Saturday, February 25, 2017


Reformation 500 WEEK 9: Heidelberg Catechism, QUESTION 26

Question 26: What do you believe when you say: I believe in God the Father Almighty, Maker of heaven and earth? That the eternal Father of our Lord Jesus Christ, who of nothing made heaven and earth with all that is in them, who likewise upholds and governs them by His eternal counsel and providence, is for the sake of Christ, His Son, my God and my Father, in whom I so trust as to have no doubt that He will provide me with all things necessary for body and soul; and further, that whatever evil He sends upon me in this troubled life, He will turn to my good; for He is able to do it, being Almighty God, and willing also, being a faithful Father.

QA 26 begins explaining the biblical basis of the first phrase of the Apostles Creed. To “believe in God the Father Almighty, Maker of heaven and earth,” is to believe that He is the Father of our Lord Jesus Christ, the Sovereign Creator, Sustainer, and Governor of the universe, and that He is a Father to me for Christ’s sake.

    Before Jesus existed as a Man, He existed as the eternal Son of God (John 17:5). God the Father created all things through His Son (John 1:3). To create is to produce something out of nothing (Heb. 11:3). Once there was nothing except the Triune God in all His eternal glory (Psalm 90:1-2). Even time was created by God (Titus 1:2). By His almighty power, God spoke the space-time-matter-energy universe into existence (Psalm 33:6). The Fourth Commandment reminds us that God created everything in six days and rested on the seventh day in order to set a pattern for us to follow, so that we might imitate God in all of life (Exodus 20:8-11).

     God the Creator also upholds and governs all things by His eternal counsel and providence. This will be explained further in Question 27. For now, we are simply told that God in Christ “upholds all things by the word of His power” (Heb. 1:3; cf. Neh. 9:6). Just as nothing could have ever existed without the creating power of God, so it is impossible that anything should continue to exist, even for a moment, without God’s almighty power, “since He gives to all life, breath, and all things” (Acts 17:25).

     Wonder of wonders! The eternal Father of our Lord Jesus Christ is for the sake of Christ, His Son, my God and my Father! Since we are not natural children of God, the only way for God to become our Father is by adoption (this is explained further in Question 33). Because of what Jesus did on the cross for His people, all who believe in Him are adopted children of God and call God Father (John 1:12; 20:17; 1 John 3:1).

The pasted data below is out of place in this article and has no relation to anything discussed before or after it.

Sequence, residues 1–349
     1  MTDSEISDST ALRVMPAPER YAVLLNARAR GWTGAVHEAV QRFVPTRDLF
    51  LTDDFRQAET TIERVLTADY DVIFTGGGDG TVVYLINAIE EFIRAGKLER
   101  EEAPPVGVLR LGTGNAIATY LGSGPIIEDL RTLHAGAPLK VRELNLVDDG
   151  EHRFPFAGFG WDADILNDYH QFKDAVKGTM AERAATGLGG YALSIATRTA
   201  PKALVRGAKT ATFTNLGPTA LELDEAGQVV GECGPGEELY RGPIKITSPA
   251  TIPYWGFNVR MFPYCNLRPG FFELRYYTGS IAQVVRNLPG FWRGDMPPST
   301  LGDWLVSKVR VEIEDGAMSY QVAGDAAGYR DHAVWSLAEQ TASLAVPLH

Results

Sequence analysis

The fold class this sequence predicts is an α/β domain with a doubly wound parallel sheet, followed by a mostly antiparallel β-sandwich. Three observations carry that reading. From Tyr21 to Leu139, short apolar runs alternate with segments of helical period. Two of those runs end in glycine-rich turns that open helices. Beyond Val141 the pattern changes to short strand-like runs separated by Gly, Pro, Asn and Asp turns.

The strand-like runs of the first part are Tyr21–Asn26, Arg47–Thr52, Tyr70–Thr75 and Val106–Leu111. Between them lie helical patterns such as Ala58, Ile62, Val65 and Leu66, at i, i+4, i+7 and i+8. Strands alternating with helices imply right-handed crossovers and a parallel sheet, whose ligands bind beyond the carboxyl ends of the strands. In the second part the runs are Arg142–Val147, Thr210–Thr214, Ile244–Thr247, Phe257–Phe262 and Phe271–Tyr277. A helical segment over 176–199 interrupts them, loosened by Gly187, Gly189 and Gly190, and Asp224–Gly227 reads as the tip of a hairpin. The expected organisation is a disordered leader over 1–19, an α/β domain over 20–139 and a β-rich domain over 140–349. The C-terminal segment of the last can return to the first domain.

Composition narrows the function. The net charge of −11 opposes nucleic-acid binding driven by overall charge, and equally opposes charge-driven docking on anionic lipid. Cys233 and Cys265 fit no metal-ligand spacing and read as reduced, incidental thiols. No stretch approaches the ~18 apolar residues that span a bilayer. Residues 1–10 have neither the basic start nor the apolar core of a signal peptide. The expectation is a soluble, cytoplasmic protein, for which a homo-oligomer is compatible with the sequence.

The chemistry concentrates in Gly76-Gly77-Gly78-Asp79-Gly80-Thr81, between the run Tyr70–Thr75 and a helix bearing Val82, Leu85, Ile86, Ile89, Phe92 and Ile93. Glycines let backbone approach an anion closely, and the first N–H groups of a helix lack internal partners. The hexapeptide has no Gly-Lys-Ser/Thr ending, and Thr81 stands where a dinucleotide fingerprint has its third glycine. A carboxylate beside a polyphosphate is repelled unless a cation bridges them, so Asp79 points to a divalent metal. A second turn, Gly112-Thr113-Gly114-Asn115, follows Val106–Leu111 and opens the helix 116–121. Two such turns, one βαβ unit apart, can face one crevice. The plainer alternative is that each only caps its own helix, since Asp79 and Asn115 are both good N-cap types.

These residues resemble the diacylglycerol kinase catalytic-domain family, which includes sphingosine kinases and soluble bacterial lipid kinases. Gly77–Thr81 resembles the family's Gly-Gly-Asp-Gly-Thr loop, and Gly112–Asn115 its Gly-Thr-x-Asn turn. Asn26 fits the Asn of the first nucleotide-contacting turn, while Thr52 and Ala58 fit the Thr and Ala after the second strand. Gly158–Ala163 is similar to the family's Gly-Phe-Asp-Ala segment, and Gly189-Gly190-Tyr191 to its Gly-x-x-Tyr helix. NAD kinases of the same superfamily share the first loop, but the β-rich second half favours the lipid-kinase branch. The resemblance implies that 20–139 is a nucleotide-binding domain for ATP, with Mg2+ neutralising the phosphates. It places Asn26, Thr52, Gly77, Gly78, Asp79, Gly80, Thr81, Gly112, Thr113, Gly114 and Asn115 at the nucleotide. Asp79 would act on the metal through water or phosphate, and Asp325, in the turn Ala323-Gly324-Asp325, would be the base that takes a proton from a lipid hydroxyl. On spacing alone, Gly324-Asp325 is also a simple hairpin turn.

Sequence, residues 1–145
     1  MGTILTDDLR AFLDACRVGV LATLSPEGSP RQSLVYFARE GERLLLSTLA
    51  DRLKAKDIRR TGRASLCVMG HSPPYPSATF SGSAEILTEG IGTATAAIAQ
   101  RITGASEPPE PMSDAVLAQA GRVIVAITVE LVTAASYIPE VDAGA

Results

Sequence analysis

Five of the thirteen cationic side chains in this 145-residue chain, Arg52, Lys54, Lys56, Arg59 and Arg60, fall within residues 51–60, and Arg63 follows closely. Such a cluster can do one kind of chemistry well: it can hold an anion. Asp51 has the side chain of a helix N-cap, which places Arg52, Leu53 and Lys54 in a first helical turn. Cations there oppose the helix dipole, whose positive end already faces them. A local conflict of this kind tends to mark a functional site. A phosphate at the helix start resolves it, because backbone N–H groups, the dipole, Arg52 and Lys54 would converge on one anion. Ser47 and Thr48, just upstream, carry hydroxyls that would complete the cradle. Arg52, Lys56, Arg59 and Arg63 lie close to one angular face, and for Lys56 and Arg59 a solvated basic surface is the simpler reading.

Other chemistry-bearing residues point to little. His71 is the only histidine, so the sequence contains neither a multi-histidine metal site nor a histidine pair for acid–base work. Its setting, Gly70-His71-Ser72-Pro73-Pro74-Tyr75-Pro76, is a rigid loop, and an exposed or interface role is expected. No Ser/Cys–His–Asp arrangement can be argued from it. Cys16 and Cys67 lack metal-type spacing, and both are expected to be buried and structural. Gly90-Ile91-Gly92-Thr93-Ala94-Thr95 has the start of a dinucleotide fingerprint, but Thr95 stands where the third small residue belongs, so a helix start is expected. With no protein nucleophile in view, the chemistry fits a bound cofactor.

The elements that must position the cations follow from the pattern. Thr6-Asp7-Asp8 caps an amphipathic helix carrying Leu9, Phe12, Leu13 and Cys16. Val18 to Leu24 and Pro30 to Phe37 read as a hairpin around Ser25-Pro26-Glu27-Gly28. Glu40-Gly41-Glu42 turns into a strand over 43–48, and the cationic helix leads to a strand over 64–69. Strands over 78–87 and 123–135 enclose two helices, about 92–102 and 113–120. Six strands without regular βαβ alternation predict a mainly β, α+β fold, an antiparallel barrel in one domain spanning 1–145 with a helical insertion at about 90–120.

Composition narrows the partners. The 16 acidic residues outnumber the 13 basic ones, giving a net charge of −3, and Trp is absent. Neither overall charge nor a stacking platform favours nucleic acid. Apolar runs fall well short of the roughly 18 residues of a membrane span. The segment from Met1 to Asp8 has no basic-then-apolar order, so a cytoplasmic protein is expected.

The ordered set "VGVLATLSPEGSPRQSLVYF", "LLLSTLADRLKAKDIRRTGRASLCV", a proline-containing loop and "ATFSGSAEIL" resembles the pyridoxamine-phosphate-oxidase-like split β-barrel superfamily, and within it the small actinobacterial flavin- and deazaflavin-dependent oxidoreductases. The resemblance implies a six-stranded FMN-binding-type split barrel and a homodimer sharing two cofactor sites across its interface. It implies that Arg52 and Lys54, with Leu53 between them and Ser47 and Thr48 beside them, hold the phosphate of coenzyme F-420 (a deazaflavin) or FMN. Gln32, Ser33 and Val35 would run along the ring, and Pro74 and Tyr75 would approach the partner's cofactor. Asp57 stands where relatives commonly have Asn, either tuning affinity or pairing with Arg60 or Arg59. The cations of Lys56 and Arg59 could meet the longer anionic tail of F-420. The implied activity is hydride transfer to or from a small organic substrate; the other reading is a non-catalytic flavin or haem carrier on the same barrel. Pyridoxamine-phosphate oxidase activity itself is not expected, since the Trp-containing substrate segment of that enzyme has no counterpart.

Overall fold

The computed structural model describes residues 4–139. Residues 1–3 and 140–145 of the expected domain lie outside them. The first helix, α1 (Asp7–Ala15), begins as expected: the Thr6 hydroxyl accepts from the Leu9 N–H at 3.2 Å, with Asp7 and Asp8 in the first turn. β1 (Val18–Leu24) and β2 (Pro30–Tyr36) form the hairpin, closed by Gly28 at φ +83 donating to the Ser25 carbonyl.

By God’s grace, I trust in my Father that He will never fail to provide everything that I need for my body and my soul (Matt. 7:9-11) – even in times of trouble and pain. God never promised to save us from suffering in this fallen world (John 16:33), only that His grace is sufficient (2 Cor. 12:9).

     Does God really send evil upon me? Yes, but indirectly. Though God controls all things, including evil, God does not do the evil (1 John 1:5). “He is not the author of sin – He merely permits it” (Ursinus). For example, in the case of Job, the Bible says his friends “comforted him for all the evil that the Lord had brought upon him” (Job 42:11). But it also says the Lord brought the evil upon Job indirectly by giving Satan permission to inflict Job directly. “Satan struck Job with painful boils” (Job 2:7). By God’s grace, I trust my almighty and faithful Father to do for me what He did for Job, turn evil to my good (Rom. 8:28; James 5:11).

NOTE: These Posts were written and  designed as bulletin inserts by Pastor David Fagrey of the Grace Reformed Church of Rapid City, SD .  

Link to this blog entry as a bulletin insert:  Reformation500 Heidelberg Catechism QAs 26

For a double-sided PDF for easy printing: Reformation 500 Week 9

Official Seal of  the RCUS
This is the seal of the Reformed Church of the United States (RCUS).  As you can see its history goes back to 1748, when the RCUS began.  We celebrate with the 500th Anniversary of the Reformation we praise God for what is probably the most amazing spiritual revival in the history of the world.

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